EAST GRAND FORKS, Minn. — Taking photographs of bald eagles is a longtime passion for photographer Russel Hons, who says he loves the grace and beauty of the animal as well as what it represents.
But as he stopped to check on a nest near East Grand Forks Sunday night, something caught Hons' eye — a bird that looked like a turkey was near the base of the tree.
With a closer look through the lens, Hons realized the nest he has been watching for the past four years had fallen 60 feet from a tree with two eaglets inside.
The two flightless juvenile birds, which had not yet developed the signature white head feathers of adult bald eagles, looked like turkeys.
Helping them would not be a straightforward task. With one of the parent eagles chirping from high above, Hons was concerned one of the full-grown bird would swoop down and come after him.
He spent the next couple of hours on the phone calling authorities in North Dakota and Minnesota, regional raptor expert Tim Driscoll, of Grand Forks, and finally the Raptor Center at the University of Minnesota, which requested photos of the birds.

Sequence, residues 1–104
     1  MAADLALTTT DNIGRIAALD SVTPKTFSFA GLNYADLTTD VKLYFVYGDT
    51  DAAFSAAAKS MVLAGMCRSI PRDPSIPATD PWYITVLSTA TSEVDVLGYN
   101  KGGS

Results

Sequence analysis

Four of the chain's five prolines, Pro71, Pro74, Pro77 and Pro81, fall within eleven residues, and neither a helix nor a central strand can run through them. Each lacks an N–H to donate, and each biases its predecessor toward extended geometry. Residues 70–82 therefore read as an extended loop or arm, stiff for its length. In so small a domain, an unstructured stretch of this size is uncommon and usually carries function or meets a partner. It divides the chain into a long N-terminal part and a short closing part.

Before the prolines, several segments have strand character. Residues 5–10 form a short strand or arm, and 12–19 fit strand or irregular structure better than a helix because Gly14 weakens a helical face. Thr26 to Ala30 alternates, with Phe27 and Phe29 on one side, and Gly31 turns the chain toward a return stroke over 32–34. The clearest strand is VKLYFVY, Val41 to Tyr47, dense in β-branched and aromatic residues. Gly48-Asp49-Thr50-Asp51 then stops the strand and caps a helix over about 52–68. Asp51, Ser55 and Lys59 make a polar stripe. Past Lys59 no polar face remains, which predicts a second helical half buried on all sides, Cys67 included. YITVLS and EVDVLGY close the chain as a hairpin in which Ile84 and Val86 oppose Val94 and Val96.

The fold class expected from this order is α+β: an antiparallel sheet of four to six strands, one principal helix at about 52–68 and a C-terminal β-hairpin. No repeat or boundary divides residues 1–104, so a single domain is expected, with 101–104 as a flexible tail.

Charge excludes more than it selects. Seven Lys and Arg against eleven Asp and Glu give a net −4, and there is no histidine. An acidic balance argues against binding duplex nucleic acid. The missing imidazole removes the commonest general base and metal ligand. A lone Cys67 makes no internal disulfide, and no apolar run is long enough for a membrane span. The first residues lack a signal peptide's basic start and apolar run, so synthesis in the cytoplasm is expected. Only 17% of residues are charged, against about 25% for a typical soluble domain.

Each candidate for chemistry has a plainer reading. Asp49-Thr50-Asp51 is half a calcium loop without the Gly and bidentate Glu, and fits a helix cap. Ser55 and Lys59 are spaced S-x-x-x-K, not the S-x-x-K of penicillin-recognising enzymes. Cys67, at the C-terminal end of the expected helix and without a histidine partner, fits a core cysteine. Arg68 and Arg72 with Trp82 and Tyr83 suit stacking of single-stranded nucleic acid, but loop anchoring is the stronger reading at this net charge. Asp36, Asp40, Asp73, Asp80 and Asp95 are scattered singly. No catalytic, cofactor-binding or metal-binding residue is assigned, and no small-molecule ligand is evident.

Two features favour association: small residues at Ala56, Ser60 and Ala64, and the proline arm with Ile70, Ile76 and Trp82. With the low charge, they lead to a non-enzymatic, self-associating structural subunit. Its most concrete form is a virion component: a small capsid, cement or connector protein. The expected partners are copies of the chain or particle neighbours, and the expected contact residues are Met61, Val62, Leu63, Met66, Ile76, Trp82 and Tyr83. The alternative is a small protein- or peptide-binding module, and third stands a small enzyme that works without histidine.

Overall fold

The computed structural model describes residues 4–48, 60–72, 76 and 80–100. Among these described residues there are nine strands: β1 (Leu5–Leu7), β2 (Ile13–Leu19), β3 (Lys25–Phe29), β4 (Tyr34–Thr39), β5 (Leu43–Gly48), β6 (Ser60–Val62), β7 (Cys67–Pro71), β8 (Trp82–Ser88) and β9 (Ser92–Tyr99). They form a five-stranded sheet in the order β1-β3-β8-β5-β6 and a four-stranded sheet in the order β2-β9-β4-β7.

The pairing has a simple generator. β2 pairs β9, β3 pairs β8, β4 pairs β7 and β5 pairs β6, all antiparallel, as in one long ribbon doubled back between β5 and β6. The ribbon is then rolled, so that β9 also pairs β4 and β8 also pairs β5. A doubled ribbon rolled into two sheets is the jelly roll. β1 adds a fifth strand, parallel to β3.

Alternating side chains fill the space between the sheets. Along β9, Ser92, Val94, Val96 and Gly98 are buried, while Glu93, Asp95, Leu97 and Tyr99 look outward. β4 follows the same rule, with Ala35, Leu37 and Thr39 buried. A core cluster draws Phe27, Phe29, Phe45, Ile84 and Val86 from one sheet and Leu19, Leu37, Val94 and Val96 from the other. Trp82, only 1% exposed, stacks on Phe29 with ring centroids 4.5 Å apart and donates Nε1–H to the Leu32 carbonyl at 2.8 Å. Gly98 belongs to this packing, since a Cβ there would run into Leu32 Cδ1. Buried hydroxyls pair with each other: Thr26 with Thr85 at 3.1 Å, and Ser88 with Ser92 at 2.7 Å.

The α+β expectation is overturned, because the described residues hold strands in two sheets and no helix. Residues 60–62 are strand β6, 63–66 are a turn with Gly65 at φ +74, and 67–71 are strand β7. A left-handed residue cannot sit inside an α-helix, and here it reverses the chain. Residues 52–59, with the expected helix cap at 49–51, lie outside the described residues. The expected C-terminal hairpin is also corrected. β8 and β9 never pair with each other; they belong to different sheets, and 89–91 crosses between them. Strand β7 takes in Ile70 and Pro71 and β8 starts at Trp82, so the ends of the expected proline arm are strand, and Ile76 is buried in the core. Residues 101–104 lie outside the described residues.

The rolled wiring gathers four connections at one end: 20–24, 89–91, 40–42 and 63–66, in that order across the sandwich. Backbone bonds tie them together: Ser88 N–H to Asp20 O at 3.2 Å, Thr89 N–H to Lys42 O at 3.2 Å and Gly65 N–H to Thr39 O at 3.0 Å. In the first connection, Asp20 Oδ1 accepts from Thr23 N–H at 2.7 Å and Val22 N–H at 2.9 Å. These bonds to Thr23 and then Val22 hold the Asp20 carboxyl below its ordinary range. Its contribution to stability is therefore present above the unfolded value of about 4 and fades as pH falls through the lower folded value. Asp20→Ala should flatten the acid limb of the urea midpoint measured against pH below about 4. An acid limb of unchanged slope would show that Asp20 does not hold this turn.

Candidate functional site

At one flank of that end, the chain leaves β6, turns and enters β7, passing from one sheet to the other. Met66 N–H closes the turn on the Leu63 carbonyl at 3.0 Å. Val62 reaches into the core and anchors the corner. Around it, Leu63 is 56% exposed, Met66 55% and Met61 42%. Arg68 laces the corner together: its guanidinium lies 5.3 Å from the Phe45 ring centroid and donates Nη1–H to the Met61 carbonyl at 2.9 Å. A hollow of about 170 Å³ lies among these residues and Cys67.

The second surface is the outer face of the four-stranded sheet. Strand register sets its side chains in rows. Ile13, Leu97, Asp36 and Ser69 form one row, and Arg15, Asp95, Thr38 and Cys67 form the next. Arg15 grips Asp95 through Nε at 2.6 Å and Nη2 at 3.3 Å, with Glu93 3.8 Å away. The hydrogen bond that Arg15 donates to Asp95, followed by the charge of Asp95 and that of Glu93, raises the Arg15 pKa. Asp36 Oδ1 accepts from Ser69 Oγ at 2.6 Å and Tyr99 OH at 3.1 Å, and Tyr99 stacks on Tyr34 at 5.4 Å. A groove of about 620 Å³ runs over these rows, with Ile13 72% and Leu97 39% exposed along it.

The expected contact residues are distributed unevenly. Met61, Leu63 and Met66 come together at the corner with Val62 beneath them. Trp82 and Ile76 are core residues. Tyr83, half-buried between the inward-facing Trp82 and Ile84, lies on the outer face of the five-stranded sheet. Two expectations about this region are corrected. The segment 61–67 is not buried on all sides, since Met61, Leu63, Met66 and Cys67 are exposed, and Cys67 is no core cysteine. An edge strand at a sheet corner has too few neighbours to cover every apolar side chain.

Raptor center staff told Hons that its staff had a chance of saving the two young bald eagles and that he should bring them to St. Paul for treatment.
Michael Bogart, another local photographer, drove to the site with a tote, and Hons said he picked up the eaglets without any issues. By about 8 p.m. Sunday, they were in a crate riding back to Hons’ residence.
Hons kept them in a cage in his garage until Monday morning.
"They made a big mess. They are obviously eating healthy out here because I have a big mess to clean up in my garage," he said, laughing.
Hons put out a request on Facebook seeking help getting the eaglets to the Twin Cities and had a response within 5 minutes. Grand Forks County sheriff’s deputy and Army veteran Lee Mewes, who served a tour in Afghanistan, offered to use his day off to drive the eagle chicks to the Twin Cities.
Mewes, who had to get permission from federal fish and game authorities to transport the birds to the Twin Cities, picked them up Monday afternoon.
Hons says the Raptor Center told him if the birds can be rehabilitated and released into the wild again they would try to return to their nest in East Grand Forks.
It isn't yet clear how the birds are doing, and Hons says he just hopes he will one day be able to snap some shots of them flying high.
"These beautiful birds," he said. "They are so fun to watch."
Forum News Service reporter Brad Dokken contributed to this report